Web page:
Subterranean splendor

Metro Bits is a very nice site celebrating the world's subway systems. You can browse world metro lists, compare logos, and see metros with a view, but the section that really can't be missed is the one on Metro Arts and Architecture, featuring photos of beautiful metro stations from around the world. The picture below is a of station in Munich.

Moscow Metro boasts "the biggest photo collection on the web" of Moscow's impressively opulent subway system. K and I have often discussed the pros and cons of aesthetically pleasing subway architecture, and he would always tell me about the surpassing extravagance of Moscow's subways...I could never imagine what it was like until I saw these pictures. The site features beautiful panoramic images of twenty amazing stations around Moscow.

Then, of course, there are maps. Animals on the underground is a great site displaying images of animals traced out on the lines of the London Underground map. In addition to the pictures themselves, they have desktops, games, and merchandise. The elephant below is perhaps their most classic creation.

A more recent discovery is that this same trick can be performed with maps of Germany's various subways: Zoobahnplan is the colorful result. The site is in German only, but it shouldn't matter.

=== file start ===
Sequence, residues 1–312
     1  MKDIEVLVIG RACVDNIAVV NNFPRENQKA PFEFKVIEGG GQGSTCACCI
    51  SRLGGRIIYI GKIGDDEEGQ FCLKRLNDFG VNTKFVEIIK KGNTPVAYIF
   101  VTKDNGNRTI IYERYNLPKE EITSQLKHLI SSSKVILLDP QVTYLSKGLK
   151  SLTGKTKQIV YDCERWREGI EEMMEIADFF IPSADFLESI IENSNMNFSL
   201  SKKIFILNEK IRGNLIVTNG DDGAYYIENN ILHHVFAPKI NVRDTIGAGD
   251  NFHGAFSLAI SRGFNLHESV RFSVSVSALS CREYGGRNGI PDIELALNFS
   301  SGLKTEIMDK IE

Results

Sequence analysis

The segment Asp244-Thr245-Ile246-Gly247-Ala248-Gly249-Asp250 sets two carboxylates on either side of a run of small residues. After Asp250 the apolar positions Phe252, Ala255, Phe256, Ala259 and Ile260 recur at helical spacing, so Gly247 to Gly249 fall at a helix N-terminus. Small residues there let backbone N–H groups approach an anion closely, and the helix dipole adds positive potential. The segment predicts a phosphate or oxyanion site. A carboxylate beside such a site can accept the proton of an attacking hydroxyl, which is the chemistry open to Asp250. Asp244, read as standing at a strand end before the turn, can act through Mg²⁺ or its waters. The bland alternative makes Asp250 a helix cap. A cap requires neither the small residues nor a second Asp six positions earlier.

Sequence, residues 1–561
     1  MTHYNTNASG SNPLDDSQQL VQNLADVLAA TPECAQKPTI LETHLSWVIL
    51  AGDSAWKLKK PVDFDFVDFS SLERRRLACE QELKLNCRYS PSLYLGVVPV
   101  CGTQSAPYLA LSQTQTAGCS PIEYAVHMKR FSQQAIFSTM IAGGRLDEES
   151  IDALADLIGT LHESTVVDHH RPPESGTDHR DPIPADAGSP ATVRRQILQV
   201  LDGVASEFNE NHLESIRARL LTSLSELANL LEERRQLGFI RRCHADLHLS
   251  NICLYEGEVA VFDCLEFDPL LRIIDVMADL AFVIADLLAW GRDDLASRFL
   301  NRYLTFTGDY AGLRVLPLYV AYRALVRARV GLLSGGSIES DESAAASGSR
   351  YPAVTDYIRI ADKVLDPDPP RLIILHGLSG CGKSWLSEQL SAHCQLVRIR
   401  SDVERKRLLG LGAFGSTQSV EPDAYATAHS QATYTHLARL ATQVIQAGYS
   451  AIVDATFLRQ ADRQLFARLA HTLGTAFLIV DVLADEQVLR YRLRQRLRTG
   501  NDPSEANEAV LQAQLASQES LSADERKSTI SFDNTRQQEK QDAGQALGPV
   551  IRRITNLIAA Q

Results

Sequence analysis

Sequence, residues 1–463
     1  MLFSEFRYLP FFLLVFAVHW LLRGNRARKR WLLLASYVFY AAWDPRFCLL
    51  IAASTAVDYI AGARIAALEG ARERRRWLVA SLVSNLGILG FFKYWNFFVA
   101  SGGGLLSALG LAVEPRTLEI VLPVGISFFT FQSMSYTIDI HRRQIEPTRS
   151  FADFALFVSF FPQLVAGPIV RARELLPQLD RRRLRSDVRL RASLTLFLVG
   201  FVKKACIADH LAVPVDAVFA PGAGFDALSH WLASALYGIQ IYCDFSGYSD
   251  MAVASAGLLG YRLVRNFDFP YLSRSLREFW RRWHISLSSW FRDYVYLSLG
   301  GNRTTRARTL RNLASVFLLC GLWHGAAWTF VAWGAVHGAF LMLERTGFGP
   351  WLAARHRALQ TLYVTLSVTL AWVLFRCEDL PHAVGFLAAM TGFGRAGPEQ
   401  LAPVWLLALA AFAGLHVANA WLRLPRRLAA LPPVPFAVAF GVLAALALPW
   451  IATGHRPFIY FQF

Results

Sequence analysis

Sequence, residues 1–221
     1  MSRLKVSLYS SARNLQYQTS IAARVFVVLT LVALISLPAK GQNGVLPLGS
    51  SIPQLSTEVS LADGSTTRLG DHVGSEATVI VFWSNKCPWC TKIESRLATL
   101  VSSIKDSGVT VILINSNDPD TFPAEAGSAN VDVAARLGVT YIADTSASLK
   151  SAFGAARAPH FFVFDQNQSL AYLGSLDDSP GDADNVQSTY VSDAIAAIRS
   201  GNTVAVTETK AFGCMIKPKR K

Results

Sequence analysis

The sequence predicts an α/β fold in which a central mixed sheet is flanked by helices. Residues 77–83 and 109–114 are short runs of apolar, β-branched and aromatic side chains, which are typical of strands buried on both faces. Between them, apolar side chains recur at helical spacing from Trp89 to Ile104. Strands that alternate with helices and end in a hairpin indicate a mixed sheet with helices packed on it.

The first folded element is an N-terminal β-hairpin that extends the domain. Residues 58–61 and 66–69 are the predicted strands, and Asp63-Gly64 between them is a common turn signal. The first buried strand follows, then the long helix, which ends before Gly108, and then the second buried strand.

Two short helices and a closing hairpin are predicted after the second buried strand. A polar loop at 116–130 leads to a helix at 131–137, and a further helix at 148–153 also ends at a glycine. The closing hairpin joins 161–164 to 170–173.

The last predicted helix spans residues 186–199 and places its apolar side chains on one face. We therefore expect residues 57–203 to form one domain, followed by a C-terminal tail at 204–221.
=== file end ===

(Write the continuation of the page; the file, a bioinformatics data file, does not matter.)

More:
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Blogger Rachel:

I love it. There's something very Matrix'y ghost-in-the-machine'ish about people recognizing these animal patterns.

Anonymous orangeguru:

Brilliant! Thanks for these informations.

Anonymous ladysusan:

I like the Moscow metro site. Some of the stations look very much like church crypts. I wish the NYC subway were prettier.

Blogger bluewyvern:

I have very often wished the NY subway was prettier. It's what's started a lot of K's and my discussions of subway architecture...I believe that the subway is an incredibly important part of the city and should be subject to the same strict aesthetic requirements as, say, a tree-lined avenue or a public park. Other cities around the world show that it is possible to do better, and I believe that it is a valid use of funds to make the place where people spend hours of their day commuting a pleasant place -- it's also a matter of civic pride. And after all, where do all of your tourists eventually end up? What kind of image is your city projecting? K believes that the money can be better spent elsewhere, and that subways like Moscow's are a symbol of decadent indulgence (which I do agree with. It is indisputably too much).


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